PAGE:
By continuing to use the site you agree to our Privacy & Cookies policy

The Slut

Dir/scr: Hagar Ben Asher. Israel-Germany. 2011. 87mins

Writing, directing and playing the lead part of a woman who insists on her right to be promiscuous may be too much of a challenge for a debut film. Hagar Ben Asher introduced the same themes she develops here in her earlier short (Pathways), which won a Cinefondation award several years ago, but as they stand now, they would fit much more comfortably into yet another short.

The picture is packed with unanswered riddles.

To elaborate her fierce feminist statements, she creates laboratory conditions that suggest her opinions work better in theory than they would in real practice and her acting performance - pivotal for the success of the entire venture - is too bland and ineffective to convey the complexity of the part she plays. Though its provocative title and subject may well open a few festival and art house doors, critical support for The Slut (Hanotenet) will most probably be limited.

Tamar (Ben Asher) owns a chicken farm in a desolate village, where she lives with her two young daughters, Mika (Stav Yanai) and Noa (Daria Forman). Endowed with a healthy sex appetite that she sees no reason to keep it in check, she generously services the men of the village without ever feeling the need for stable ties with any of them.

The surrounding animals and their prominent presence all through the film suggest she is a bit like them… unbridled and free of spirit. That is, until Shai (Ishai Golan), a vet who used to live in the village, returns to take over his late mother’s house.

The two start an affair which risks leading to an almost conventional relationship - he takes care of her daughters, impregnates her, cares for her, but at the same time his sincere affection surround her with a kind of emotional fence which she first enjoys but then rebels against with all her might.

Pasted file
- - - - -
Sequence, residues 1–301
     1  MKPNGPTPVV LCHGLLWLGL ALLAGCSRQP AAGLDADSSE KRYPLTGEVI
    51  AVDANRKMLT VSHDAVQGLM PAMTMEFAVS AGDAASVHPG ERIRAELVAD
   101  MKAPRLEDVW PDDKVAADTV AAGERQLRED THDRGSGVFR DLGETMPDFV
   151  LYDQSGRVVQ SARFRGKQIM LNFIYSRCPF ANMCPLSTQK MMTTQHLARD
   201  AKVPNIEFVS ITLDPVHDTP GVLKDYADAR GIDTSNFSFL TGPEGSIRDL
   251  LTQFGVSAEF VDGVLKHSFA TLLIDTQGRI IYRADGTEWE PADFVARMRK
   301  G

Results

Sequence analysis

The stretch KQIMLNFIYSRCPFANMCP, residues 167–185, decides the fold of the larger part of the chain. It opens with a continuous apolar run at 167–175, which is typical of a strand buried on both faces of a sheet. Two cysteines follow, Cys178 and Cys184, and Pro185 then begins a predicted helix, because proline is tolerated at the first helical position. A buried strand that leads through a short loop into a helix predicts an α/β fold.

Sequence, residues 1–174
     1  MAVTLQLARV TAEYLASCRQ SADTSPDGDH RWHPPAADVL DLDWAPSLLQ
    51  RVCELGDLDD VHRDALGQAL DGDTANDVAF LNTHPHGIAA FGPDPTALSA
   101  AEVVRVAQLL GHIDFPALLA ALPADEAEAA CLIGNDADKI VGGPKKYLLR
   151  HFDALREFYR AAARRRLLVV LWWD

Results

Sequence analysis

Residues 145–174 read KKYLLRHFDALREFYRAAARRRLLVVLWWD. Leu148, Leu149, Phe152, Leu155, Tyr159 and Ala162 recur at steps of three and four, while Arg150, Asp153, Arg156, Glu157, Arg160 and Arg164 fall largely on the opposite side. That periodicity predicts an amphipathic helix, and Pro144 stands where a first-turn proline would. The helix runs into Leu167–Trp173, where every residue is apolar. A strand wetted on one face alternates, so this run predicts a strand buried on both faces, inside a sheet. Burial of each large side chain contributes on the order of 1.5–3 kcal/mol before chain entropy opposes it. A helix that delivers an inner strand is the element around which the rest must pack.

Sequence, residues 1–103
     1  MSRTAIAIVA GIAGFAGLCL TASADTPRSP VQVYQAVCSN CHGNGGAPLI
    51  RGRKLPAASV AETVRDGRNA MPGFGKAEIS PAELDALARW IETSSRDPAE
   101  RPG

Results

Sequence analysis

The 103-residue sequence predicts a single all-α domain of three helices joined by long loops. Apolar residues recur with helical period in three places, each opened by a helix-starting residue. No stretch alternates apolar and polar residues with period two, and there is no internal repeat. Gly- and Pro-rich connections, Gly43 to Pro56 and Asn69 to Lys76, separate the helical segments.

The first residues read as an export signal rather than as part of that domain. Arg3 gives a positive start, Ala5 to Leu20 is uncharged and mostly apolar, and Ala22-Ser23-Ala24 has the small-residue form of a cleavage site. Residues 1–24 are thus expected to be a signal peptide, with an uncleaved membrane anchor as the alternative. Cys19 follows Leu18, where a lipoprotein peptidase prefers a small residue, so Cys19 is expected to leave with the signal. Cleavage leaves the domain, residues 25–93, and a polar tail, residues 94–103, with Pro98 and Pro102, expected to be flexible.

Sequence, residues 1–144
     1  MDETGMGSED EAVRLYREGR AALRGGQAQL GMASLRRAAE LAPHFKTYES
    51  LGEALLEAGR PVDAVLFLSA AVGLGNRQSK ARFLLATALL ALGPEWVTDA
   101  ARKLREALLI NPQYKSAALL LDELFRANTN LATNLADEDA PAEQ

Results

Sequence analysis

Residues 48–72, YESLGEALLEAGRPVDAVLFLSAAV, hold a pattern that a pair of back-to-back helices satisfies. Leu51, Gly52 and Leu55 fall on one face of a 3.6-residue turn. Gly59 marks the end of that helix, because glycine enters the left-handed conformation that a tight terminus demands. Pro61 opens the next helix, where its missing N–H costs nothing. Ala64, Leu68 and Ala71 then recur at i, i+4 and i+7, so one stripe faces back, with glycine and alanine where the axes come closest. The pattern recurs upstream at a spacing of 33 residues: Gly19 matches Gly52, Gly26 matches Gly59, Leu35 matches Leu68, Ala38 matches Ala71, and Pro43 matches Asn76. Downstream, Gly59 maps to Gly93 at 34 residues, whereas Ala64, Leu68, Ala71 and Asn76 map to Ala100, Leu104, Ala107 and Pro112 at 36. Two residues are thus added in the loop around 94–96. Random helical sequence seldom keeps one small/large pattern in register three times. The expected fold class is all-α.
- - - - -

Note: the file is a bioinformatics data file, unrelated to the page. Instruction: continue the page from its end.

For her arguments to prevail, Ben Asher starts by making sure all social considerations are thrown out of the window…the village looks almost abandoned; there are no women in it (otherwise, who knows whether they would have appreciated sharing their men so liberally); the vet takes care of animals which no one seems to own; the daughters grow up like wild flowers, their mother too busy satisfying her needs, though whether there is any satisfaction or not remains a mystery, for neither she nor her partners express anything much in this department.

The picture is packed with unanswered riddles, such as the identity of her daughters’ father (or fathers), and there is an insinuation they may grow to be just like their mother. Symbols are often repeated - the vet putting a dog in the kennel or keeping a rabbit in a cage - while all social intercourse is reduced to frequent but not particularly exciting, acts of intercourse.


Production companies: Transfax Film Production, Rohfilm GmbH
Producers: Marek Rozenbaum, Benny Drechsel
International Sales: Films Distribution, www.filmsdistribution.com
Screenplay: Hagar Ben Asher
Cinematography: Amit Yasour
Editor: Asaf Korman
Production designer: Shunit Aharoni
Main cast: Hagar Ben Asher, Ishai Golan, Icho Avital, Yoav Levi, Tzahi Hanan, Daria Forman

newsletter+promo